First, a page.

"But Doctor" - you moan, thoroughly confused and disgusted by the high mathematical jargon I have been spewing - "Is there anything at all Chestertonian in this 'self-referential' idea anyway?"

There sure is - at least two places:
There was a debating-club in Bedford Park, on which I first tried my crude ideas with even cruder rhetoric. It deserved better treatment. It was frightful fun. It was called the "I.D.K."; and an awful seal of secrecy was supposed to attach to the true meaning of the initials. Perhaps the Theosophists did really believe that it meant India's Divine Karma. Possibly the Socialists did interpret it as "Individualists Deserve Kicking". But it was a strict rule of the club that its members should profess ignorance of the meaning of its name; in the manner of the Know-Nothing movement in American politics. The stranger, the mere intruder into the sacred village, would ask, "But what does I.D.K. mean?"; and the initiate was expected to shrug his shoulders and say, "I don't know," in an offhand manner; in the hope that it would not be realised that, in a seeming refusal to reply, he had in fact replied. [GKC, Autobiography CW16:148]
And in "The Loyal Traitor" contained in GKC's Four Faultless Felons, we find "the word is One." While I can point out this has nothing to do with - er - let us say the Prologue of St. John's Gospel, I must, unfortunately, refrain from commenting further, lest I reveal too much of the mystery puzzle of that particular story.

But in mathematics, in the realm of ideas, what happens when we proceed into this strange infinite realm of never-ending recursion? Some kind of computational black hole of never-ending number? Well...

Stay tuned, and next time I will show you. Please stick with me here - the next chapter will give you something fun to do, and a result you can use in your Christmas decorating...


  1. Dear Dr. Thursday,

    If my question makes sense maybe i understood some of what you said.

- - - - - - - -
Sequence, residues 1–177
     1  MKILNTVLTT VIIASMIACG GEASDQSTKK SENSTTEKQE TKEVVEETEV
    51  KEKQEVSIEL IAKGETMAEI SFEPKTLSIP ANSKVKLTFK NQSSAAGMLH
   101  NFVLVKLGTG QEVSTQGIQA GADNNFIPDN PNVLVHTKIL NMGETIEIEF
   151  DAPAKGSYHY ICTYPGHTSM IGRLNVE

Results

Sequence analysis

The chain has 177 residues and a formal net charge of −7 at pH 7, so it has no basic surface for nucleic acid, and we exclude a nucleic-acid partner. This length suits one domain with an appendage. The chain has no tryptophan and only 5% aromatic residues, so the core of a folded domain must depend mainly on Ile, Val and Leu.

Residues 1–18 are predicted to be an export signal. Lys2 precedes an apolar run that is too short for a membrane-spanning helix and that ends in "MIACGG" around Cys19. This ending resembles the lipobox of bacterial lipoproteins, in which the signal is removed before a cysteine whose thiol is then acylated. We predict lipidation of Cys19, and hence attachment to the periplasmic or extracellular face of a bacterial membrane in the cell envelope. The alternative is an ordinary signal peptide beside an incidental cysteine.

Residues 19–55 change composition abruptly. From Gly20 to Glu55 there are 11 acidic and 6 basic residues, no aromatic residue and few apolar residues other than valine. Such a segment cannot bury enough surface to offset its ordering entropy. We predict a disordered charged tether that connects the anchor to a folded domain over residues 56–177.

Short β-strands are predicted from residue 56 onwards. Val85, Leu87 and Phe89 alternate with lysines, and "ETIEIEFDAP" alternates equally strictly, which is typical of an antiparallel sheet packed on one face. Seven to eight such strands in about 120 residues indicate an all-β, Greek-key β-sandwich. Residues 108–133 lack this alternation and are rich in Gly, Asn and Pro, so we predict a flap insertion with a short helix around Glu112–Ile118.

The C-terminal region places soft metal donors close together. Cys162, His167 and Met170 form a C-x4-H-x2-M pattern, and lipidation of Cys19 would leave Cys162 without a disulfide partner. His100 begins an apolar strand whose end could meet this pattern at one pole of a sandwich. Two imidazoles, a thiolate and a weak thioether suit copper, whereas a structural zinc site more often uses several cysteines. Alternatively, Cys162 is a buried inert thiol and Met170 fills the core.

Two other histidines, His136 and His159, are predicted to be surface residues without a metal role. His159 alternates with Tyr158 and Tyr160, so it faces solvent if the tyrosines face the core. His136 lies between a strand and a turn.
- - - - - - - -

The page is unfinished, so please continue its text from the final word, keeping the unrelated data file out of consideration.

Is this subject in anyway analogical to "deja vu all over again, but somewhat attenuated with each "re-occurance"?"

    richard, looking for a linguistic liniment to unstrain my brain...

  2. Dear Dr. Thursday,

    If my question makes sense maybe i understood some of what you said.

    Is this subject in anyway analogical to "deja vu all over again, but somewhat attenuated with each "re-occurance"?"

    richard, looking for a linguistic liniment to unstrain my brain...

  3. Thanks, Richard - yes, that's a nice slangy way of putting it. There are many other ways of coming at the idea - "nesting" or repetition is used in certain forms of art or music, though usually of a "simple" character... otherwise the pattern would get lost. And for the moment I am trying to explain an idea, so that we can look at something quite a bit more complex, yet having a pattern. Concentrate on the dolls - keeping the idea that while you are unpacking them, you really do not know HOW MANY MORE there really are. Another point which is not so easy to tell about is the idea that when you open a doll you would find two inside, both with seams, and so on... again the idea is NOT to look at the repetition, but the scheme by which the pattern repeats (e.g. when a doll has a seam, you open it, and deal with what's inside.) That' all I want for now. Next time we'll take a real example you can try at home.

    Another example in words, which I was going to use (but did not) in my book on Subsidiarity is the children's ditty "The House that Jack Built", where each successive verse contains the preceding ones (we're then going from little to big). Again note that the verse is made by sticking on clauses ("THat beat the dog, THAT barked at the cat, THAT chased the rat, THAT ate the malt") to an ever-growing sentence THAT Jack built. Hee hee.